The reason why unpaid internships are harmful is not because of unfair wages, but because of the unfair wages you would make once you join the workforce. Entry-level positions in companies are becoming more scarce. Employers can hire unpaid interns to do the work instead, thus saving them money to hire people who would be full time and with benefits. Can you imagine how attractive that is to employers? That you can hire a new batch of interns each semester without ever paying them or just paying them the bare minimum?

It wasn’t until my last semester of college that I acquired a paid internship. However most of my money went towards transportation and food. Commuting from Westchester County to New York City wasn’t cheap. A third of my earrings would go towards transportation alone. One aspect I realized many of the students at my internship had in common was that most were attending school in the city or was lucky enough to find an apartment in a nearby borough.

Another aspect unpaid internships that doesn’t get talked about is the privilege that comes along with it: having the means. If your parents are already paying for school or rent, you may not be so hesitant to take on an unpaid internship. Which means you’ll have more time to work there, which could lead to a better chance of being employed there eventually. So the real question is, who gets hurt the most from these unpaid internships?

Internships should be a learning experience, but you shouldn’t be taken advantage of because you’re a student.

Finding a new path

This summer I’ve applied to over 30 jobs. All of them are in media, video production, social media, and/or communications. They range from full-time, part-time, freelance, unpaid internships, to paid internships. So far I’ve had three call backs, six rejections, one unpaid position, and one paid internship.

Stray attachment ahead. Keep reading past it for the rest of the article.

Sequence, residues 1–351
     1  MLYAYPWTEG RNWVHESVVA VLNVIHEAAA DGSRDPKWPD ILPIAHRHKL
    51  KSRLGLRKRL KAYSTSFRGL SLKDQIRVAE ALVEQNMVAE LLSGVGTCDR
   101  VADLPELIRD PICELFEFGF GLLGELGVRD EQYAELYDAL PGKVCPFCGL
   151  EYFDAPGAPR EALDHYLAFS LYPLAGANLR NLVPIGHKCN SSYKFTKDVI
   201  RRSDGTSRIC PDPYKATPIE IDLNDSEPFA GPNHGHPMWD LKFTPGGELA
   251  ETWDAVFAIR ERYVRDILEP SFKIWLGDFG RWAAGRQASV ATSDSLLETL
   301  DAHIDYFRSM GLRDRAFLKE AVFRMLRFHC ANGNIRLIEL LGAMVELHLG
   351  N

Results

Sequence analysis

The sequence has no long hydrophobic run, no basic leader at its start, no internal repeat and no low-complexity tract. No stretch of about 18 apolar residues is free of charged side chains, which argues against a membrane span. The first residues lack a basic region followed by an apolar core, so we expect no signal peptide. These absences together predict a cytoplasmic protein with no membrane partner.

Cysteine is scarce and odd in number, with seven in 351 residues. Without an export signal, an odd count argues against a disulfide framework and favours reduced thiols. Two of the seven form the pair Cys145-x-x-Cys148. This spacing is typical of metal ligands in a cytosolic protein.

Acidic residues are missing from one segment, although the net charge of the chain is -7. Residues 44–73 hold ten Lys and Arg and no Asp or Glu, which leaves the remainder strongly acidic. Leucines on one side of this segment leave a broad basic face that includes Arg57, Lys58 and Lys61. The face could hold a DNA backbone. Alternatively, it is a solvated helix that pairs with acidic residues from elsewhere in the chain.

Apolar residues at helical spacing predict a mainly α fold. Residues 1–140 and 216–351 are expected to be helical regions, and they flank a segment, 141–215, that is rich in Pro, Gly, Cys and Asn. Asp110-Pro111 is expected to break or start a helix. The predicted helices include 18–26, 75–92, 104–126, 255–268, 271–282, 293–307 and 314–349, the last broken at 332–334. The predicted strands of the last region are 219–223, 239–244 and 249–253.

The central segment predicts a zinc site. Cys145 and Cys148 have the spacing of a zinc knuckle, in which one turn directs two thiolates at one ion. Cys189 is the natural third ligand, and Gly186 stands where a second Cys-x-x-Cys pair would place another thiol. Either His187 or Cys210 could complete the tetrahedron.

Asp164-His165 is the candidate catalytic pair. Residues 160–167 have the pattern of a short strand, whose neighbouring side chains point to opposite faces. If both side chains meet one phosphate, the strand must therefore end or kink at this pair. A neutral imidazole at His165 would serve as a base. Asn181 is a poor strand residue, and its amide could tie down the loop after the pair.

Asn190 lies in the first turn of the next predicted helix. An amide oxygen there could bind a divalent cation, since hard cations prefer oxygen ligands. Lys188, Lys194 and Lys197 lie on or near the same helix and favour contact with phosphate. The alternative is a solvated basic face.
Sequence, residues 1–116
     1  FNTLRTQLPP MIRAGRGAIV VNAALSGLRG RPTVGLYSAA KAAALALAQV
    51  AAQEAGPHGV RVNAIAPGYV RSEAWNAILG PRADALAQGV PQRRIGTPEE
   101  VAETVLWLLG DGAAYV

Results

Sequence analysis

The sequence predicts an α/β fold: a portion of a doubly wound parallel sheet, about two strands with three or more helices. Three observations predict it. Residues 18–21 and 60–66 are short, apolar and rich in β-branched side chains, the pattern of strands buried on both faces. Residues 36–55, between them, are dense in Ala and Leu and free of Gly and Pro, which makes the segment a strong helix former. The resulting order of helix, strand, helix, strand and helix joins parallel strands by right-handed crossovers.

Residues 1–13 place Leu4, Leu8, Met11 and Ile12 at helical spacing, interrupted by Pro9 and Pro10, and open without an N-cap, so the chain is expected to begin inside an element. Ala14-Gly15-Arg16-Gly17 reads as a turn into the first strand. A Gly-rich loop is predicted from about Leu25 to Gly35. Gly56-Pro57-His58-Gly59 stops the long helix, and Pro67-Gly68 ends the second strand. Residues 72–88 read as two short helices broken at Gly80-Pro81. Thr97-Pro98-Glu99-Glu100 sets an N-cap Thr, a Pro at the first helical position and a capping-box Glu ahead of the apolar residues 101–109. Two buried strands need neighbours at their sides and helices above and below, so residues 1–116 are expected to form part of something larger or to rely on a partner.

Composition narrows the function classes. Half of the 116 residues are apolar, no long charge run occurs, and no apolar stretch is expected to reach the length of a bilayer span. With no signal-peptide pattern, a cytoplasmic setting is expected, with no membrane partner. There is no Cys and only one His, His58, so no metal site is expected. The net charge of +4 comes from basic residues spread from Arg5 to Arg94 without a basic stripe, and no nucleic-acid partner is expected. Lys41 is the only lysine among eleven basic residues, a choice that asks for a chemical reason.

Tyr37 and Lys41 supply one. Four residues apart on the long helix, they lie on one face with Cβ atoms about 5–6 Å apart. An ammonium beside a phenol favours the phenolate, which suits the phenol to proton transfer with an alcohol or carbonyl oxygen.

Summer did get stressful. Sometimes I wanted to give up. Sometimes I worry if I picked the wrong profession. I’ve even considered going back to school. The problem is, for what?

But it’s only been three months since I graduated. I’ll drive myself crazy if I don’t have a bit of positivity when it comes to the job hunt. Taking on an unpaid internship seems a bit backwards, but I actually gained more experience and did actual work. Volunteering my time actually benefited me in the end because I’ve been able to secure some paid freelance gigs.

As the summer draws to a close, I feel a little more confident than I did three months ago when I started writing this post. Now that I experience my first post college summer, it felt appropriate to finally publish this piece…after a bit of editing may I add.

Right now I have my summer internship, a possible apprenticeship with a graphic designer, and possibly some freelance work with my old job. It’s not glamorous at all, but it takes me one step closer to finding that “dream job” and moving to my “first dream apartment with my best friends”…or just starting to pay off my college loans.

My advice to all you young, educated (college or not), and unemployed little adults out there: stay active, stay productive, and stay up on current events. Also, stay hopeful. I basically didn’t get my dream job that I’ve been wanting since January and it hurts, but at least I didn’t give up. Cliche to write, but cliches are good sometimes.

We’re the next stock of future doctors, writers, politicians, and much more. Without being completely cliche, it’s time we take back the workforce and it make it our own.

1 comment
  1. Alicia said:

    I couldn’t agree more with this post. I graduated in 2011 and have been published once! Countless rejections, lots of tears and plenty of venting, had left me hopeless.. It wasn’t until a few weeks ago that I have decided to give this dream job my all. The struggle is real for post graduates and all young people with degrees.. I hope companies keep this in mind when deciding if they should pay their interns.